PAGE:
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As with most of our family weekend trips, we were up well before the sun. The aroma of coffee filled the back of the house as I went to the kitchen to begin making sandwiches for the day. It was a broad menu to choose from, Nutella or peanut butter. Chips and snacks were put in a plastic bag and drinks were piled into a medium cooler. Everyone was looking forward to going somewhere new and the kids were looking forward to learning how to navigate using a map and compass.
For the most part, the drive was uneventful. We had had brought various snacks to munch on during the three hour drive. I ate more Reese’s Fastbreaks than I should have. This trip was not conducive to a healthy diet. The kids had Cheez-its and Gummy Bears. One benefit we have is two separate screens in the back so each kid can watch their own movie. Makes for a much quieter ride and keeps them occupied when there is nothing to see.
Columbia is a college town, home to Missouri University and our destination, Rock Bridge State Park. The reason we chose this state park is that they offered a 3-level orienteering course and I have wanted to teach my kids how to use a map and compass to navigate instead of depending on GPS receivers. We had bought them their own compasses last year and had not gotten around to showing them how to use them yet, so this was a perfect opportunity.
First stop was the park office, which was the second right turn. We purchased the orienteering package that included three maps and a guide that helped pick which course you want and provides details about each point to make identifying them easier. The first one was simple; it was the starting point at the picnic pavilion. The next one required a cut through the woods. I had forgotten how much fun it was to go tromping through the woods without the luxury of trails. After a few minutes of instruction, our 11-year-old daughter, Kim, used the map and compass to set us a bearing to walk.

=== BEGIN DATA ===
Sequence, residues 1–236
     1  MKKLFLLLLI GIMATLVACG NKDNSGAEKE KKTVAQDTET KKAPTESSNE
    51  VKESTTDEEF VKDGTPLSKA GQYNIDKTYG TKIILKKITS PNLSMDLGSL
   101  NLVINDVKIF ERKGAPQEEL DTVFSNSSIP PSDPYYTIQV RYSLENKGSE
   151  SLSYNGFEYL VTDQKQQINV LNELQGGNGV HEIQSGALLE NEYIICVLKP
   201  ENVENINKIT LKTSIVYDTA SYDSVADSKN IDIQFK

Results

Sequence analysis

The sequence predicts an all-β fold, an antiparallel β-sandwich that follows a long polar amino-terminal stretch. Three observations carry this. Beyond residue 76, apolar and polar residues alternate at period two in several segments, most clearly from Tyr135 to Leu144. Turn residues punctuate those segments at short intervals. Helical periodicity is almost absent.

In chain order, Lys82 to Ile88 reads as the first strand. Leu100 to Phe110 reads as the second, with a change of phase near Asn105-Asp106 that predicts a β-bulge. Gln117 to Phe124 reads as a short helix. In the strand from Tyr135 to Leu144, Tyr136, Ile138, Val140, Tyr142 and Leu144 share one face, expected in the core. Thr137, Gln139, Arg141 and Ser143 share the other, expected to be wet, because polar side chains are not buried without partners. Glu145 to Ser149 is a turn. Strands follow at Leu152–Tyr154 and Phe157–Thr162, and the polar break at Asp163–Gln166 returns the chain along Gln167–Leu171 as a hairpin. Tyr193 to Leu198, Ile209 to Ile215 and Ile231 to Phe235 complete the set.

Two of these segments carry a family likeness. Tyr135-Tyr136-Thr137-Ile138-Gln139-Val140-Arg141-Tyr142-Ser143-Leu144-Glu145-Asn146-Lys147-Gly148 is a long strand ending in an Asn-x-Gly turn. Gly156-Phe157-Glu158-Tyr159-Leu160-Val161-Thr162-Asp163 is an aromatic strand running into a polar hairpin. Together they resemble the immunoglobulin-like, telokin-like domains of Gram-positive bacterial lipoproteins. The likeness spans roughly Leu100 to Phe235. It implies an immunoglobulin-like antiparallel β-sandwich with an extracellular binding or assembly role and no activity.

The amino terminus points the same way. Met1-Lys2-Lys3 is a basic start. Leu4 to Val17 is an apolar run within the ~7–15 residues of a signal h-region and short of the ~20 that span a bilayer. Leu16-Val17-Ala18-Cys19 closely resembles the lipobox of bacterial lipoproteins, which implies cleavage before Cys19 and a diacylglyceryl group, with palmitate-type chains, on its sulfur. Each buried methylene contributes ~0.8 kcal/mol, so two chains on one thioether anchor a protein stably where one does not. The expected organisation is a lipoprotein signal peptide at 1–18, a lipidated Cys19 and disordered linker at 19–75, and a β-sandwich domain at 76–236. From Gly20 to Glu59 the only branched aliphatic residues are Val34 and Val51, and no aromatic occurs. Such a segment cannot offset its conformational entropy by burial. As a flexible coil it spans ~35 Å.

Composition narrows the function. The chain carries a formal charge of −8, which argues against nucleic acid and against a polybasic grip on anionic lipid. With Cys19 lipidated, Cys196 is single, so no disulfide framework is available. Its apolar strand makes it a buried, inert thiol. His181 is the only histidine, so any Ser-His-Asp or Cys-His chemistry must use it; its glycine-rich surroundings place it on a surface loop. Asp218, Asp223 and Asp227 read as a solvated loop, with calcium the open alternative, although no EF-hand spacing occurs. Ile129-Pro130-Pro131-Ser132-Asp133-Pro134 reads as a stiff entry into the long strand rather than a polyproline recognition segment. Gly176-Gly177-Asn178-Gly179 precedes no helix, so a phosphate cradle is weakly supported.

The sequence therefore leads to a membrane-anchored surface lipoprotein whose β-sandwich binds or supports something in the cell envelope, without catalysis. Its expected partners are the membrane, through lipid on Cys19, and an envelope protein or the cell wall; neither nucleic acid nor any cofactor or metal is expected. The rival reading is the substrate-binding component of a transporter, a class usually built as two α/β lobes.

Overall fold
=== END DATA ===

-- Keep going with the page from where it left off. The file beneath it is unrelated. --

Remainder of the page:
I had missed the rustling of the leaves as the breeze blew through them and the crunch when I stepped on them. One thing I did not miss was the thorn bushes scratching my hands and snagging my jeans as we walked through the underbrush. Our 6-year-old son, Connor, took a little coaxing to get through the first part. He is not much of an outdoorsy type, which is odd considering his mother and I are.
Without any more help, Kim found the first marker all by herself. Out there in the middle of the woods and she had navigated right to it on her first try. The second marker required hiking through some rougher terrain and thicker vegetation, and she was right on target with that one as well. She nailed the next two, which took us through dried creek beds and through some small rock outcroppings. The fifth one had all of us turned around. I still do not know by how far we missed it, but we found a trail that took us back to the Jeep where we had our sandwiches and chips for lunch. Kim had impressed me and I realized that it had been a long time since I had used a compass.
The second half of the park is where most of the geological features are located. The Devil’s Icebox claimed to be the longest cave in any Missouri State Park. The entrance to the Icebox provided a couple of photographic opportunities. We were invited on a tour but it was getting late in the day and we still were looking at about a three hour drive home. The land bridge kept the kids occupied either walking in the water or exploring the rocks along the sides. One thing we all enjoyed about Rock Bridge is that you did not have to stay on the trails. You could head into the woods and explore anywhere in the park. Other than being covered by ticks, it turned out to be an educational and very enjoyable trip. We are planning another trip soon to take the cave tour and are looking forward to that. With that we decided to start heading home.
originally published in Visiting Wanderer